Spring into yoga

The weather is changing, although frosty there is a warmth in the sun, a brightness in the sky. the days are getting longer, and gradually our bodies adapt as well.

In wild animals activity is often diminished during the winter months. This is a response to there being less available food, and life being harder during winter months. Hibernation is an extreme example, but even species that do not hibernate often exhibit changes in behavior during the winter. It has been argued that Seasonal Affective Disorder and slowing down during winter months has evolved as a kind of human hibernation. Food would very likely have been scarce during winter months for our ancestors, and ‘low level hibernating’ would help reduce calorie intake.

So where does that lead us in terms if yoga? We have had a quieter, slower, maybe lower phase… and now gently, like the plants beneath the soil we shall gradually be reborn. Slowly our energy levels will rise, we will want to move more and maybe laugh more too!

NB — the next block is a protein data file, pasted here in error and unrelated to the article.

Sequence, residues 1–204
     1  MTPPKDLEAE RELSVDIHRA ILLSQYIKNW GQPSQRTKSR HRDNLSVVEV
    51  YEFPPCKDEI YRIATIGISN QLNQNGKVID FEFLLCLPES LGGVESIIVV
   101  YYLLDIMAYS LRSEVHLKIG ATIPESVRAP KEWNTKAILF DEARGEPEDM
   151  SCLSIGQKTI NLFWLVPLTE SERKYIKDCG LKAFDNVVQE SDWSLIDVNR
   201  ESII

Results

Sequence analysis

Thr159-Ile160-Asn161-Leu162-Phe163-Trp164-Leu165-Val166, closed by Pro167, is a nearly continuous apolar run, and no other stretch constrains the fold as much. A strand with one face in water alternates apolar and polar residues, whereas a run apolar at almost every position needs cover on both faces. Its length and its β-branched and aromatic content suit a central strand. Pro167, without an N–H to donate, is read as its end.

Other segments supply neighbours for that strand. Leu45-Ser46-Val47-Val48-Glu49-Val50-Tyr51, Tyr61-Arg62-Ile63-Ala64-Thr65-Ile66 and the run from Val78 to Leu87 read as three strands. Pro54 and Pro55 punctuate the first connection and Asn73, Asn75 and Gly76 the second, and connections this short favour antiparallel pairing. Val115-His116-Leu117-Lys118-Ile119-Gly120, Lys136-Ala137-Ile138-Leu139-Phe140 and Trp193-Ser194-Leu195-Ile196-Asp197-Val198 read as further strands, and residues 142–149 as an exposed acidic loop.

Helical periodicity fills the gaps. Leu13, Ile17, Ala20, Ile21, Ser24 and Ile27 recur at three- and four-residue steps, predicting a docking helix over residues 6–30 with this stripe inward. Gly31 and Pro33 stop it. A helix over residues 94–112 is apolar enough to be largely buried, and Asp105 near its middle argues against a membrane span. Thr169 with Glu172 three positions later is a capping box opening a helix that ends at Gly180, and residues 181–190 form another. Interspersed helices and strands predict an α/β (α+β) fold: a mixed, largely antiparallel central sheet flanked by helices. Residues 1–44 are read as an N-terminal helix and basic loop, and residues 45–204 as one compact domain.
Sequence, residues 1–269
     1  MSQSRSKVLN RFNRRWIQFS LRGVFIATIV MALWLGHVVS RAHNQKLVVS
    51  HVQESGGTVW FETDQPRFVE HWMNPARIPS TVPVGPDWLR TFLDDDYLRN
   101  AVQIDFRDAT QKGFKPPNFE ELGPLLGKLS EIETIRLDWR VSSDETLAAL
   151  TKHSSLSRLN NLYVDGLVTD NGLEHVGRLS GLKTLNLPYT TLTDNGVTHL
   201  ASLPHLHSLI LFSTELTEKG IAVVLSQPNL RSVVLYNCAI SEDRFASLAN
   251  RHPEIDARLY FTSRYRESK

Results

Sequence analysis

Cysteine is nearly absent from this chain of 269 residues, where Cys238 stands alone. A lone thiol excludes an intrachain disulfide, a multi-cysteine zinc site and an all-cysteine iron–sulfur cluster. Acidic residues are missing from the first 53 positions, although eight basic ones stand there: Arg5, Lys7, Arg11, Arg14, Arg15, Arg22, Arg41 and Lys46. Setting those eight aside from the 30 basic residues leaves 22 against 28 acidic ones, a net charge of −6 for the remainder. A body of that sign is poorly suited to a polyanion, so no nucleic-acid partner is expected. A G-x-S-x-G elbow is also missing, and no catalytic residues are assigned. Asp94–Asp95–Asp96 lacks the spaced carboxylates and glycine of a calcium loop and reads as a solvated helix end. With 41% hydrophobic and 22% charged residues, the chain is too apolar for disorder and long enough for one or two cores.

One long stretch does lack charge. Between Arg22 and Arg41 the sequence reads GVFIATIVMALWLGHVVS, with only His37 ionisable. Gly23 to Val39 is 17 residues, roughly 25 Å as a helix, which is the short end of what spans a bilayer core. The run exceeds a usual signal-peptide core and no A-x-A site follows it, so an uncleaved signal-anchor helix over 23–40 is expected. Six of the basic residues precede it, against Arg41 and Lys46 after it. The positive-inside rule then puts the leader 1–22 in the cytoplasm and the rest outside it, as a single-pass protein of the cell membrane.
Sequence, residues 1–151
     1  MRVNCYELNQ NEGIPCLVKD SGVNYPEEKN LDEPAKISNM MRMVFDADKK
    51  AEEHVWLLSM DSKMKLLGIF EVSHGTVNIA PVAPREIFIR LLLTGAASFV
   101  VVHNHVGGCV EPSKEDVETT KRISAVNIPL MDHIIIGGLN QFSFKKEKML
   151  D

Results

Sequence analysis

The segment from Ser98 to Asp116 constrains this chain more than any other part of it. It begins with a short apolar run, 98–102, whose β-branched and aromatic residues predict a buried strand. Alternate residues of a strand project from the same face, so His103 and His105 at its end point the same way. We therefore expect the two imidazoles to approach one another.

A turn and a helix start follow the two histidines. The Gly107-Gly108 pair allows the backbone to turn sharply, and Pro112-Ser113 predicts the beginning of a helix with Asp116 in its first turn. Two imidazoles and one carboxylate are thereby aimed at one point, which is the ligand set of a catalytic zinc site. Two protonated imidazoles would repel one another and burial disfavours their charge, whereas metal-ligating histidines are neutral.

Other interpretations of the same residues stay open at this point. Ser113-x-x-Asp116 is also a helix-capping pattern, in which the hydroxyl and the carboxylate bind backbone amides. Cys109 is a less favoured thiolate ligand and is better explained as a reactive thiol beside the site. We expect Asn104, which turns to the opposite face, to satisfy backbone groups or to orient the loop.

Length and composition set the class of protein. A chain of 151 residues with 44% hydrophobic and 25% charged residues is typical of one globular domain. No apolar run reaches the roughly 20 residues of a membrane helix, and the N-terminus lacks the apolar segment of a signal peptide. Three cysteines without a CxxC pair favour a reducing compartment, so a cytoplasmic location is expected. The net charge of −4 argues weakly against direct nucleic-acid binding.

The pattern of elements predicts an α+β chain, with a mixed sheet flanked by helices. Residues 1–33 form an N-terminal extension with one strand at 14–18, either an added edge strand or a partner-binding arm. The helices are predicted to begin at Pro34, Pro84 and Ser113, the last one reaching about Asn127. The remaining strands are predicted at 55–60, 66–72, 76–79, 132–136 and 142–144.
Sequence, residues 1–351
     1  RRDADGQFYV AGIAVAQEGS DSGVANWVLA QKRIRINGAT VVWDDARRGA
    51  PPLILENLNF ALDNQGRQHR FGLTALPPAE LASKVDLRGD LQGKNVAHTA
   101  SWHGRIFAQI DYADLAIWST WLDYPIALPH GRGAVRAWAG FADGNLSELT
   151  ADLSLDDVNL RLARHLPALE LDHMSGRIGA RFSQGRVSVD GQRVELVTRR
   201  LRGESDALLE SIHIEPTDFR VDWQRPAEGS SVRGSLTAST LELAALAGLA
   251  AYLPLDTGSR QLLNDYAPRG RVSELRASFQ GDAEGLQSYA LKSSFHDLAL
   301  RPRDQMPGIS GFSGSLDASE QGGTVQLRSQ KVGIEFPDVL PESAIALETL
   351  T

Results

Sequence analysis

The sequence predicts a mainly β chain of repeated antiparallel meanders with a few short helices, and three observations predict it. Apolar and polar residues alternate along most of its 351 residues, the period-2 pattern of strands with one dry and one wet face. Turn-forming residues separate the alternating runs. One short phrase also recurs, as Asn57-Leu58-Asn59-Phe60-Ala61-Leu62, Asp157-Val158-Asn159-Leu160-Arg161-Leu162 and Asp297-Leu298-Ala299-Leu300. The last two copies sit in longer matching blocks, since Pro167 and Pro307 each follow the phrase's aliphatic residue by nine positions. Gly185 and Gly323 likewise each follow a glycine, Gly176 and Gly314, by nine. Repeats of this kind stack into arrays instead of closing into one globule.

Yoga is not about forcing yourself to move when you want to rest, and its not about resting when you need to move. But it is about listening to your body and taking it at your body’s pace. Our bodies contain great wisdom that we can learn from, if only we’ll take the time to listen.

So the next time you take an urge to wrap up into a wee ball – do it, and the next time you want to spread your arms out wide to the sun – do it too! Try to hear what your body is asking for, and then indulge.

Here are 3 steps you can take in as many minutes to help

  1. Listen to your tummy: hungry? tired? in need of a cuddle? Lots of feelings are centered here, so be curious and see what you can find out
  2. Do what your tummy asks: it might be a hot water bottle, a massage or even a tickle
  3. Breath into your tummy and imagine a soft vibrant energy expanding through your body.
Taking the time to be curious and listen, is the first step to good yoga. Only when we know where we’re at, can we know where to go and what speed. Set your intention to listen and enjoy the process of opening up to a brand new spring.

 

Image courtesy of [Michal Marcol] / FreeDigitalPhotos.net 

Nesse, Randolphe M; Williams, George C (1996). Why We Get Sick (First ed.). New York: Vintage Books. pp. 290.